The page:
Monday, 1 July 2013

How now, Laughing Cow? a Review

Don't things always seem so much more glamorous in French? 

I was walking up to school the other day behind someone sporting a shopping bag - one of those sturdy, resuable supermarket ones -  with the motif "L'instant fraicheur" inscribed on it. So much better than "the fresh instant". Or "the instant of freshness". My French isn't bad, and in the past, it's been pretty good, and so I still sometimes decide to think in French, or do some idle translation in my head when the English isn't so appealing (I know, I know, the hours just fly by...).

So here's a thing. Whenever someone says The Laughing Cow to me, I hear "La Vache Qui Rit" - which, if you couldn't guess, is the French name for it. Those cheese triangles were present in the fridge of all the French families I have ever stayed with, and last year on our camper van trip to Normandy, in one of those awesome French hypermarkets, we found a pack of La Vache Qui Rit 'Apero-cubes' - individually wrapped 'aperitif' sized cubes of La Vache, with intriguing flavours - paprika, olive, blue cheese...

Frankly, being the huge francophile that I am, if it's good enough for the French...

I must admit that despite all this, I don't buy it (unless it's packaged in lurid yet strangely irresistible aperitif cube type things), but I was approached recently to see if I would like to review a new flavour of The Laughing Cow cheese triangles. La vache qui rit? Mais oui, bien sur...

Doesn't necessarily sit well with the 'cook it from scratch processed food be damned' image I like to portray. But don't judge me too harshly. You see, the other thing that enticed me was the new flavour - emmenthal.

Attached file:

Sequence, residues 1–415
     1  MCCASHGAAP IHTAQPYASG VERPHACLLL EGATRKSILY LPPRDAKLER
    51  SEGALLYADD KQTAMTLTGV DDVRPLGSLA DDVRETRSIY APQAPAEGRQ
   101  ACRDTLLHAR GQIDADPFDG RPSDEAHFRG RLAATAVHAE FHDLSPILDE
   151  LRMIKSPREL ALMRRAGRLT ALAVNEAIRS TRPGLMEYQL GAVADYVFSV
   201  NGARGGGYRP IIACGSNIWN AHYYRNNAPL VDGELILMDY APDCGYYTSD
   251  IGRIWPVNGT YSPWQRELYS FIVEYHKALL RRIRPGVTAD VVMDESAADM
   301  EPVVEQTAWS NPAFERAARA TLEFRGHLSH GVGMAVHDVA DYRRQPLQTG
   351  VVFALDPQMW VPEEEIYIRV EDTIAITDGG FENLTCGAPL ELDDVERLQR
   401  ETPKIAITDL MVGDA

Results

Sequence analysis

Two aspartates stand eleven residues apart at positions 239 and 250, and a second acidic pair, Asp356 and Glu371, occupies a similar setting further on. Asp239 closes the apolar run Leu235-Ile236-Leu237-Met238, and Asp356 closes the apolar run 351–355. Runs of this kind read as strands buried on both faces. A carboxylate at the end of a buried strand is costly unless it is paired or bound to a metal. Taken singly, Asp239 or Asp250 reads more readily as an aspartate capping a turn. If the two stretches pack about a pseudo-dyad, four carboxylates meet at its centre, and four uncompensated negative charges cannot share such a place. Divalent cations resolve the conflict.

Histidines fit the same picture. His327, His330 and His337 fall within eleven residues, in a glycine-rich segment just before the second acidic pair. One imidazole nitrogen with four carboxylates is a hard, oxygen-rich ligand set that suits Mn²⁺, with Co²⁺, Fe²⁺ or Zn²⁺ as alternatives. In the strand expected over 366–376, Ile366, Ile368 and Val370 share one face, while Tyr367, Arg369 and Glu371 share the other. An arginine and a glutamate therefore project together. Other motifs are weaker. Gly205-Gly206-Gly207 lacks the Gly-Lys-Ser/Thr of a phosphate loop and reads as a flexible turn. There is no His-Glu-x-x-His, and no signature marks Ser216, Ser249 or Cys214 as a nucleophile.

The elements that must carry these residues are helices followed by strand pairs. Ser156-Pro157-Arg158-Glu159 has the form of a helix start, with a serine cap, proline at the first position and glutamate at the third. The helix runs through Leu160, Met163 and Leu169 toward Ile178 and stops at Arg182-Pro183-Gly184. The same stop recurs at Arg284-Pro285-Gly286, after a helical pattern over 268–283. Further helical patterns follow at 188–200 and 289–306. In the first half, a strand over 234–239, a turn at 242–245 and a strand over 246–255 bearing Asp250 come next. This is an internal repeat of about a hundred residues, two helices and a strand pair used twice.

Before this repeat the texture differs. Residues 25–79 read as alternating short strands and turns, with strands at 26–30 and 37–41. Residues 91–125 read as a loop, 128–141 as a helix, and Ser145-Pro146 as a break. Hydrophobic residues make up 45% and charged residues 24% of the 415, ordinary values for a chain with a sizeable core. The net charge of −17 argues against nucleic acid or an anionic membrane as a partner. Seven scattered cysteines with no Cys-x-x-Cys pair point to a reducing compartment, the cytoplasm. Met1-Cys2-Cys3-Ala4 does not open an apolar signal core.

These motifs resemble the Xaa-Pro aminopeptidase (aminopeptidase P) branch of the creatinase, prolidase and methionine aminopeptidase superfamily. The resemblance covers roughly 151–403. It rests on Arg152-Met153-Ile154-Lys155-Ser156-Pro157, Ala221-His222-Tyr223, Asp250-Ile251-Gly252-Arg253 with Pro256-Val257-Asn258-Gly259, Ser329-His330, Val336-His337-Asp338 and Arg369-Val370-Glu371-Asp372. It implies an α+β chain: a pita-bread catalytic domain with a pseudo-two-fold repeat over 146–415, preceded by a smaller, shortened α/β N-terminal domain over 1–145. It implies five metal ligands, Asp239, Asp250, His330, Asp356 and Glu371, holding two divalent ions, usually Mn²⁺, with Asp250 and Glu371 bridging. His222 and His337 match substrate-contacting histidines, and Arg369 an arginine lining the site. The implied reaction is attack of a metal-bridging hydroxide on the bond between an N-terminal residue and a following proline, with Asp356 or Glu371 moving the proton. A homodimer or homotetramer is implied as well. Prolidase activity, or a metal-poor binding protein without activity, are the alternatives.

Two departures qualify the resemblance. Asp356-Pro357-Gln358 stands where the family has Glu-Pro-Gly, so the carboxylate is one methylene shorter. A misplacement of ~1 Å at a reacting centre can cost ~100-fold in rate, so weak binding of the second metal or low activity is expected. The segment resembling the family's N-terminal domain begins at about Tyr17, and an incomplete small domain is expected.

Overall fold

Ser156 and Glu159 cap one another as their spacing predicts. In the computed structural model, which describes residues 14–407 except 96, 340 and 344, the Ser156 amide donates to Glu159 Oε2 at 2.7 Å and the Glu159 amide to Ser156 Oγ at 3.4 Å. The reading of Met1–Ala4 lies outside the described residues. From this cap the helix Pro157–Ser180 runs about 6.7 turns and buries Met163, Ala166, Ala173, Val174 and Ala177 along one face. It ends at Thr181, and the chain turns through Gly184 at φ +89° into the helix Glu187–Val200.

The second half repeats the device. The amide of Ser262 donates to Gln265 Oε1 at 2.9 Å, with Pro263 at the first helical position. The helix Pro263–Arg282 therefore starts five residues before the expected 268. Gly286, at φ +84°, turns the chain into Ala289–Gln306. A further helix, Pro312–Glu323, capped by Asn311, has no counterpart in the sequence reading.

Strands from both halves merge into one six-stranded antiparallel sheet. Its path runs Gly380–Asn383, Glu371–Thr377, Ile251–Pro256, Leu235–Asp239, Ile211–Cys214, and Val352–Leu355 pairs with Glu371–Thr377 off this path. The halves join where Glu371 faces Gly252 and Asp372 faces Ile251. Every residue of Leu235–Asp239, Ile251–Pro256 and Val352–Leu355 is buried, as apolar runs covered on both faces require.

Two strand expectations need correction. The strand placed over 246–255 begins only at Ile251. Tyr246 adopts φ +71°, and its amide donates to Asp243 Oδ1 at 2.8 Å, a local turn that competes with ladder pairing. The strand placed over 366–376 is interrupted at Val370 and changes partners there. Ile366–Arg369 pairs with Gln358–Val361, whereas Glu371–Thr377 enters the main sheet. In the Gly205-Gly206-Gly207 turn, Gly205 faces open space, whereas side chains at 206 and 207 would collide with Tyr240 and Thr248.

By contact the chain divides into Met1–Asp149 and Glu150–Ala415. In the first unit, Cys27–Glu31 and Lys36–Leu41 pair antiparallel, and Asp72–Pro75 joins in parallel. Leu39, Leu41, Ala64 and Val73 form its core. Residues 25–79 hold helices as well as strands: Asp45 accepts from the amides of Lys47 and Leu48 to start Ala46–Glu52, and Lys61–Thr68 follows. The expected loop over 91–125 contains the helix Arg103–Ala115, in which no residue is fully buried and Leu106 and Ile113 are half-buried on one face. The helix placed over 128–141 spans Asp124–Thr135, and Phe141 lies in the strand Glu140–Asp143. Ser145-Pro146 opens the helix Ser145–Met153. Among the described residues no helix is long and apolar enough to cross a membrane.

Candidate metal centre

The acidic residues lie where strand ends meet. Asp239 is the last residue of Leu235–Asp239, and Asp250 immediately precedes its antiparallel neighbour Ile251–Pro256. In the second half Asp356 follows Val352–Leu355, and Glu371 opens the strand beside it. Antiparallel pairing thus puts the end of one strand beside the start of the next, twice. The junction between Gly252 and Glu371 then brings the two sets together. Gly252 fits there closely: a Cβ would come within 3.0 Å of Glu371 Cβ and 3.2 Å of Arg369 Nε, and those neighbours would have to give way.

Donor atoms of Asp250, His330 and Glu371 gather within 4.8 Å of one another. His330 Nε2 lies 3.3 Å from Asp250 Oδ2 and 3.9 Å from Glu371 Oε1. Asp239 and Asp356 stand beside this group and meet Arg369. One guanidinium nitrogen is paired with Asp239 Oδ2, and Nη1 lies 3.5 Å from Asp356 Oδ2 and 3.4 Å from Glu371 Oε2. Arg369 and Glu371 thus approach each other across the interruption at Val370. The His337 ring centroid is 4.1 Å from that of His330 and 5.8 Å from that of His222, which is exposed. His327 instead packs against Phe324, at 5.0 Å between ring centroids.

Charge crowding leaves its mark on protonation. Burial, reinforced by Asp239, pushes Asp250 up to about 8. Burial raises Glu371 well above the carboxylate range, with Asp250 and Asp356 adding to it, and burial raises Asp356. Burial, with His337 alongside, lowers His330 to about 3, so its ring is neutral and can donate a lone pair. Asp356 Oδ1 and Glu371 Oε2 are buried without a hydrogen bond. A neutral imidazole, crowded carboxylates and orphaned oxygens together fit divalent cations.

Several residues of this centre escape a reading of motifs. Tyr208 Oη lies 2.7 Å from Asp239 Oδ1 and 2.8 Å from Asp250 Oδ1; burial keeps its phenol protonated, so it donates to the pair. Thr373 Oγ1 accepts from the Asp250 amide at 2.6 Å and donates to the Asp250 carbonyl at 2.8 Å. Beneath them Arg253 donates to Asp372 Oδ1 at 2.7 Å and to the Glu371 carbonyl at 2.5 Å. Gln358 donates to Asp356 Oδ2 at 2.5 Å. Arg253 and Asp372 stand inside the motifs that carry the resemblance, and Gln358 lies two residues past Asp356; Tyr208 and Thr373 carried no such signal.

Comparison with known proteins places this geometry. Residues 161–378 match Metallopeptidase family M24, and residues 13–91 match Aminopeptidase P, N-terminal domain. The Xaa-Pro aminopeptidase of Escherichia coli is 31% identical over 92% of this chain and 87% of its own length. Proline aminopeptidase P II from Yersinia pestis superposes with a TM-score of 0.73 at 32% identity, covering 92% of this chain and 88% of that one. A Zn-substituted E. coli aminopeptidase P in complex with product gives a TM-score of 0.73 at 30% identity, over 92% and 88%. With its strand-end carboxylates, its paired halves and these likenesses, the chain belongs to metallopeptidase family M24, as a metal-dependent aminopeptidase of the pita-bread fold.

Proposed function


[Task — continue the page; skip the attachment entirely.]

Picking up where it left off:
I love a bit of emmenthal.

I was sold.

Sure enough, carefully packaged in a polystyrene box with its own cool pack, not one but 4 packs of La Vache turned up - 2 of emmenthal and 2 of blue cheese flavour.

We tested them extensively - mostly Blue who has a passion for blue cheese, and ate most of it in his sarnies.

Disappointingly, and as may be you'd guessed, though, they don't really taste of either emmenthal or blue cheese (respectively) although the blue cheese one does have a definite and recognisable tang. Pink wasn't keen on either flavour. Blue was positive, although this waned over time, and the Husband and I, well, if I'm honest, it's just not really our thing. They're not particularly unpleasant or anything, I'd rather just eat proper cheese. The real thing. Le vrai...

On the other hand, if you like Laughing Cow generally, you will probably like these. In their favour, they are only 25 calories a triangle, but don't really taste 'diet' so if you're on something like the 5:2 diet, which I am (currently rather half-heartedly) following, they could be a good thing.You know, spread on a tasty Ryvita or something...

So there you have it. Even as La Vache Qui Rit, I can't give them a rave review. But may be you will? And I'm nothing if not open minded (well, sometimes) so if I've judged them too harshly, do try and persuade me otherwise...


  1. Cheese spread in any language will do me. Lived on the stuff in my early 20's and whilst I don't ever buy it these days, I can feel a yearning coming on. Cheers RJ... Cheese spread on toast for dinner tonight!!

  2. I'm glad you've raised the thorny issue of La Vache Qui Rit. I've never really understood the near addiction that some French people have to this product. There's nothing terrible about it, but I've known some French people who seem to base a large percentage of the meals that they cook around this strange beast. It's on my list of the things that I don't really understand about France, like their willingness to put up with long-life milk. Personally, I find the idea of a laughing cow slightly sinister.


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